5. Great episode, thanks! You remarked: “On Twitter recently I said that we won’t ever get true human-level artificial intelligence until computers can be bored.” For what it’s worth I wrote an AI system in 2001 that had boredom. I’m sure I wasn’t the first.


    This is so frustrating. How come you agreed unquestioningly with his response that feelings are necessary to explain behaviour? The hard problem of consciousness–as applied to evolution– is that you dont need the feelings to explain the movement of the atoms etc (until you get to the problem of who or what is doing the measuring, which is kind of the hard problem in a different form). He is right that feelings explain behaviour, and the physicists are right that quanta, atoms, and molecules etc. do. But that is why the hard problem of consciousness is such a real (and hard) problem: because no can explain why BOTH explanations work.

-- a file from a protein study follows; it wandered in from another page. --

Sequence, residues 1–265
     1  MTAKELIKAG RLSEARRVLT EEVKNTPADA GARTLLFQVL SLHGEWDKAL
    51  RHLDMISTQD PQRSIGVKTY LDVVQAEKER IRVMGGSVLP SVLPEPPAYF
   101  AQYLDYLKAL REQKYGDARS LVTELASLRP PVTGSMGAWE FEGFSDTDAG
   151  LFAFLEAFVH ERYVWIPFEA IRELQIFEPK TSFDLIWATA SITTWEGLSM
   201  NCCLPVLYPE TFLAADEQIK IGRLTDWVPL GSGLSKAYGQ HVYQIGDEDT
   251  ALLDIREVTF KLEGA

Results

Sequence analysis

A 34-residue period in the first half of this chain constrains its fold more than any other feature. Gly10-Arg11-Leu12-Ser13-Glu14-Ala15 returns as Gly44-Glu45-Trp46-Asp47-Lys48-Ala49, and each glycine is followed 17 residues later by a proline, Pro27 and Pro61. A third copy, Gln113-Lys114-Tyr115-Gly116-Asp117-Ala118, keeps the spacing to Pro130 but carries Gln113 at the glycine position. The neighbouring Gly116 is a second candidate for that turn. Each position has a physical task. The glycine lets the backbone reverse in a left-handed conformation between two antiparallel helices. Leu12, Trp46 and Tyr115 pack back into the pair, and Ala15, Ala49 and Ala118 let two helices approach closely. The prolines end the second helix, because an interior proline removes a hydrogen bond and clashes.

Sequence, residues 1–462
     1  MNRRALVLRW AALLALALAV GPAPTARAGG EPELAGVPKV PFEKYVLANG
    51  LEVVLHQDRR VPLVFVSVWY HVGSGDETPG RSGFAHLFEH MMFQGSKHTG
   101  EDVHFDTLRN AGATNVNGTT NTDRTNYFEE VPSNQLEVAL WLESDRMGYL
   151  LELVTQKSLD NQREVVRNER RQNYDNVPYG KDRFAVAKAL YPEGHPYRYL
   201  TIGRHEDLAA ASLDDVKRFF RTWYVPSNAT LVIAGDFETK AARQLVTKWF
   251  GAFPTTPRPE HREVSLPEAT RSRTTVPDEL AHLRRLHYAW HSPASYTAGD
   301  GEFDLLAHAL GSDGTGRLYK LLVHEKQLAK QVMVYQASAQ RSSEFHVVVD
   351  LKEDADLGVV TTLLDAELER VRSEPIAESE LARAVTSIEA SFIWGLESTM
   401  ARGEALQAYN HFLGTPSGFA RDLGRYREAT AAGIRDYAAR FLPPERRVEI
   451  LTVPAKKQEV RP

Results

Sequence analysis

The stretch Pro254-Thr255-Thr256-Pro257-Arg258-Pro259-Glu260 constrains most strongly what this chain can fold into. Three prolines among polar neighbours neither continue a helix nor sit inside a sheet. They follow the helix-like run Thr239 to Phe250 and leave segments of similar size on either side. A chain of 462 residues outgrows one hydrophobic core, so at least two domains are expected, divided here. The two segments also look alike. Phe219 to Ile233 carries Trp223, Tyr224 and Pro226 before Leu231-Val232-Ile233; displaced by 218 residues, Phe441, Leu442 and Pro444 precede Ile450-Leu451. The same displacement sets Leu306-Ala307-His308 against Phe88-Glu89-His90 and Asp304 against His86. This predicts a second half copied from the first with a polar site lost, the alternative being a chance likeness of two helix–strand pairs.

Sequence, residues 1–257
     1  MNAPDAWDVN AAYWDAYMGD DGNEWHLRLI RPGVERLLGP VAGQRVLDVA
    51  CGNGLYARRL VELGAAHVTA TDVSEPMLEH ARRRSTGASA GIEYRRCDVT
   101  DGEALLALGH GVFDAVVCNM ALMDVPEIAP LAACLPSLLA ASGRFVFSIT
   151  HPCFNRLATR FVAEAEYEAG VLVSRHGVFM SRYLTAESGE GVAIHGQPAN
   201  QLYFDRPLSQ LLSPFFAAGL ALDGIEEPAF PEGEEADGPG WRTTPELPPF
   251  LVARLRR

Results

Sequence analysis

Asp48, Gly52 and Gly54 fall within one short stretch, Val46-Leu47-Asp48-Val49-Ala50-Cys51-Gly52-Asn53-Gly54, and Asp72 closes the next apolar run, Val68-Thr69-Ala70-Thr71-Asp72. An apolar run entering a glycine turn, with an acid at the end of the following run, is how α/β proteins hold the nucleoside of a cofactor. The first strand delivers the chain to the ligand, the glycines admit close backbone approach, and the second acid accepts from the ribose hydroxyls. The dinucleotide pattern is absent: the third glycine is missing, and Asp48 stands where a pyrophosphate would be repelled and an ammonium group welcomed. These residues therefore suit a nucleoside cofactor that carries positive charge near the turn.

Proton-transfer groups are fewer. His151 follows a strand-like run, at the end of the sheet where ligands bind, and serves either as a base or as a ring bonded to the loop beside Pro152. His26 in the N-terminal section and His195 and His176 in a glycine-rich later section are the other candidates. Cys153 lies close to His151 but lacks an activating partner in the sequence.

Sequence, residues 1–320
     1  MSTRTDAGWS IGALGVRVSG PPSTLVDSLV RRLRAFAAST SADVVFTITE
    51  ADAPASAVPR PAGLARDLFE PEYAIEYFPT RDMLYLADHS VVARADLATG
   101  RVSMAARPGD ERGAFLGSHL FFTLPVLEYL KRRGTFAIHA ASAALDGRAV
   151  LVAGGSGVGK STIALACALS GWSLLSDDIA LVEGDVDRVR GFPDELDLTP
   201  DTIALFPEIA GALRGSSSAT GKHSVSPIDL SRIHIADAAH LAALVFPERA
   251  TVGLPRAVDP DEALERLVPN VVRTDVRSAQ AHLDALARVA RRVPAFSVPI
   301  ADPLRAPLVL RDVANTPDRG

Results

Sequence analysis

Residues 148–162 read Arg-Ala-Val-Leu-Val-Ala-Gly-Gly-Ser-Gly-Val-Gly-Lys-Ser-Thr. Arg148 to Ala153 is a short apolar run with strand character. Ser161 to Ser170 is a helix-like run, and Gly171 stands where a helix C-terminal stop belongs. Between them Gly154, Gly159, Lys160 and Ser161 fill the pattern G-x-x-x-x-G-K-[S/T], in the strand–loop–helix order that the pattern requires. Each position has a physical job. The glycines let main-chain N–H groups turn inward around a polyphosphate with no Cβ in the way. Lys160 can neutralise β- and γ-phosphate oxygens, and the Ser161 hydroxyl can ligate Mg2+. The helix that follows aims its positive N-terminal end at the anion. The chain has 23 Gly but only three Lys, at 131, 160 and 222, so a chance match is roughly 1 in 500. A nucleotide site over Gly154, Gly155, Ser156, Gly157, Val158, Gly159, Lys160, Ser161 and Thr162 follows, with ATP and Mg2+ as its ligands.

7. Pingback: Wasafiri’s May Reading (and Listening) List! - Wasafiri Consulting

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Sean Carroll hosts conversations with the world's most interesting thinkers. Science, society, philosophy, culture, arts, and ideas.